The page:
Osteoporosis: Facts on Diets, Treatment, & Guidelines
Osteoporosis is defined as a medical condition in which the bones get weak and brittle due to loss of tissue, usually as an after effect of hormonal change, or insufficiency of calcium and vitamin D. The word osteoporosis is derived from the word “osteo” referring to bones and “porosis” referring to porous, resulting in weakness.
Osteoporosis affects men and women of all races. White and Asian women, and especially older women who are past menopause are at the highest risk. According to statistics, women are more affected than men. As many as half of all women and a quarter of men older than 50 have fractures due to osteoporosis.
There are no symptoms in the early stages of the disease. Symptoms occurring later include:
- Bone pain or tenderness
- Fractures with little or no trauma
- Loss of height (as much as 6") over time
- Lower back pain due to fracture of the spinal cord bones
- Neck pain due to fractures of the spinal cord bones
- Stooped posture or kyphosis, also called a "dowager's hump"
The goals of osteoporosis treatment are to:
- Control pain caused by the disease
- Slow down or stop bone loss
- Prevent bone fractures with medicines that strengthen bones
- Minimize the risk of falls that might cause fractures
There are several different treatments for osteoporosis, including lifestyle changes and a variety of medications.
Medications are used to strengthen bones when:
- Osteoporosis has been diagnosed by a bone density study.
- Osteopenia (thin bones, but not osteoporosis) has been diagnosed by a bone density study, if a bone fracture has occurred.
Drugs are used to prevent and treat osteoporosis. Calcitonin is a medicine that slows the rate of bone loss and relieves bone pain. It comes as a nasal spray or injection.
It’s never too late to arm your bones against osteoporosis or strengthen them if it has already set in. However, it’s important for parents to know that building strong bones during childhood is truly the best defense against osteoporosis.
- Energy intake should be adjusted depending on a person’s weight in order to achieve a healthy and balanced weight.
- Eliminate processed meat, poultry, and dairy and replace with soy products, fish, or free-range organically grown animal meats and dairy.
- Protein is essential in our diets to build tissue during growth and to repair and replace tissues throughout their life cycle. It is also needed for bone healing and proper function of the immune system. So make sure to consume more cold water fish and legumes for protein.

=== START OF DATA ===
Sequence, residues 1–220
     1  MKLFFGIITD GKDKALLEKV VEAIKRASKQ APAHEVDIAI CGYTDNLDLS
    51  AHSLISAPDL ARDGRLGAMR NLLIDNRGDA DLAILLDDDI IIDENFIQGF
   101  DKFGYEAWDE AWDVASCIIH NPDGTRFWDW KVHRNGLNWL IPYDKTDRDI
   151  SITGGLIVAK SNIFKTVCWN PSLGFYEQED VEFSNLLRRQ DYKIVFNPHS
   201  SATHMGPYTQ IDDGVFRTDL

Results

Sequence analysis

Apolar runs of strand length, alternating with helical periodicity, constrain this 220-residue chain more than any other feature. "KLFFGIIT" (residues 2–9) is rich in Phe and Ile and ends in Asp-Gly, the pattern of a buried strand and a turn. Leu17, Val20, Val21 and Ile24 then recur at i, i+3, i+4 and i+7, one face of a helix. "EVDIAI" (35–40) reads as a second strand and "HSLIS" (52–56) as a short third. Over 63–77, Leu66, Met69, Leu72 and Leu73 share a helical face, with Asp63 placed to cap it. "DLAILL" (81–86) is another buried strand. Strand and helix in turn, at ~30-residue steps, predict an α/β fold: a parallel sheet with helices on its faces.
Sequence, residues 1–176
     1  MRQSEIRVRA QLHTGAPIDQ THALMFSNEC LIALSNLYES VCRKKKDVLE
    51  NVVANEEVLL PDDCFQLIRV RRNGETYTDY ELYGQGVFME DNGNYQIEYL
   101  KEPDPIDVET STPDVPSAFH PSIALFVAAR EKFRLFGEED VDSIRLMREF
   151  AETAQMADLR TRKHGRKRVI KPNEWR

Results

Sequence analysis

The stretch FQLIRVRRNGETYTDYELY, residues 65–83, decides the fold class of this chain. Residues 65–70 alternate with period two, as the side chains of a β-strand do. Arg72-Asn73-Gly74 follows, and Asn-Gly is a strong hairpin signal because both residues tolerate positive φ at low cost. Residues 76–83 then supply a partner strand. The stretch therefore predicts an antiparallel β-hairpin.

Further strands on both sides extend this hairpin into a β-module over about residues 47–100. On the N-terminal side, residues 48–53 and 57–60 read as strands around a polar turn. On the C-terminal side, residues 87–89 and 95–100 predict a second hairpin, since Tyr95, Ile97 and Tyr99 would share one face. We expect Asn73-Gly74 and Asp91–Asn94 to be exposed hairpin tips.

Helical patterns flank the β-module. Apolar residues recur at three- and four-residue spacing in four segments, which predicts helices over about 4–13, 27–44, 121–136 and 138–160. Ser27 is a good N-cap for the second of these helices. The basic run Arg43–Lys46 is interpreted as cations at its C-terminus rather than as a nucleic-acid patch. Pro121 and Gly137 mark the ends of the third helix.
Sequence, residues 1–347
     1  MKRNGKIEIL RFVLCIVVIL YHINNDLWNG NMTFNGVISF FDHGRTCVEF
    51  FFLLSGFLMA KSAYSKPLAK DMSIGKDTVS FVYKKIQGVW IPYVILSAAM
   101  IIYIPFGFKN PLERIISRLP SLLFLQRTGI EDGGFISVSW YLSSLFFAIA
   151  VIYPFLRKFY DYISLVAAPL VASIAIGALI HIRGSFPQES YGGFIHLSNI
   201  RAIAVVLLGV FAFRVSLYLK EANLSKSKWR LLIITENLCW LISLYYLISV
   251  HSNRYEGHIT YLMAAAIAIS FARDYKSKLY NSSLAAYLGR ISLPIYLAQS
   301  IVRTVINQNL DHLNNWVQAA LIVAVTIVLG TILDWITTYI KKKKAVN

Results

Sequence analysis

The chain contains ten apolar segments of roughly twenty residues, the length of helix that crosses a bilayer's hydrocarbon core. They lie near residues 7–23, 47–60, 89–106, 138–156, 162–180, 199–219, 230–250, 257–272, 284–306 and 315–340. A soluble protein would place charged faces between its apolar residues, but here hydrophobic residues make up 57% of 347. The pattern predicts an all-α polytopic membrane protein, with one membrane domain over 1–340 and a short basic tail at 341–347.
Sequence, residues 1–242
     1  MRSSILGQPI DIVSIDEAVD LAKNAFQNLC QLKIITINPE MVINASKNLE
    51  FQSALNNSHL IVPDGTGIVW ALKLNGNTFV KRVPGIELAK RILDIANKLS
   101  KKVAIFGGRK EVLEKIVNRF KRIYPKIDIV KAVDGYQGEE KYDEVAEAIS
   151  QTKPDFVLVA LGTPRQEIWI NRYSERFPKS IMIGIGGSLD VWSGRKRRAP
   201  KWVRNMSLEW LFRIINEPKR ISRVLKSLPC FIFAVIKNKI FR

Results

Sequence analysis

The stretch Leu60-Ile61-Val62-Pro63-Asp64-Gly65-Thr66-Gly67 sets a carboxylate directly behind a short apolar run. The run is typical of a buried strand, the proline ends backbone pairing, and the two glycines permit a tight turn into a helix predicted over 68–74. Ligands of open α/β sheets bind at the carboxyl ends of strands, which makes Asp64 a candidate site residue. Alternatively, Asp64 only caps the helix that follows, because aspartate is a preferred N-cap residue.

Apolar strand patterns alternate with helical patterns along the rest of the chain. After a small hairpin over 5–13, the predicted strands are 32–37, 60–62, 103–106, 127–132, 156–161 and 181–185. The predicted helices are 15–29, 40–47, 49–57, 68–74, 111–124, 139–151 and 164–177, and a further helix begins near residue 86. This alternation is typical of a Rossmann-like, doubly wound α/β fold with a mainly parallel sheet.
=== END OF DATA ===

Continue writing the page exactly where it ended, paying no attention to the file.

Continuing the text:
- Avoid hydrogenated fats and oils as they convert to trans-fats which increase breast cancer risk.
- Get at least 800 to 1,000 IU of vitamin D3. Vitamin D helps your body absorb calcium. Apart from exposing yourself to sunlight everyday you can obtain vitamin D from egg yolks, saltwater fish, and liver.
- Supplement your diet with a properly formulated calcium formula. While this will not completely stop bone loss, it will guarantee that a supply of the materials the body uses to form and maintain bones is available.
- Eliminate artificial sweeteners and tobacco products.
- Eliminate or reduce consumption of caffeine, alcohol, high fat dairy, and chocolate.
- Lower your consumption of simple sugars- they promote sharp blood sugar fluctuations.
- Increase your intake of cruciferous and dark green leafy vegetables, legumes, and whole grains.
- Increase the intake of complex carbohydrates to 70% of your daily caloric intake.
- Consume smaller, more frequent meals or snacks.
- Never go more than 4 hours during any day or 12 hours overnight without food.
- Drink plenty of water- at least 8 glasses daily. Fluid restriction can be harmful.
- Exercise 30 to 40 minutes, 4 to 5 days per week.
- Learn to successfully manage stress.
Regular exercise can reduce the likelihood of bone fractures in people with osteoporosis. Some of the recommended exercises include:
- Weight-bearing exercises such as walking, jogging, playing tennis, and dancing
- Resistance exercises such as free weights, weight machines, stretch bands
- Balance exercises such as Tai Chi and Yoga
- Riding a stationary bicycle
- Using rowing machines
Avoid any exercise that presents a risk of falling, or high-impact exercises that may cause fractures.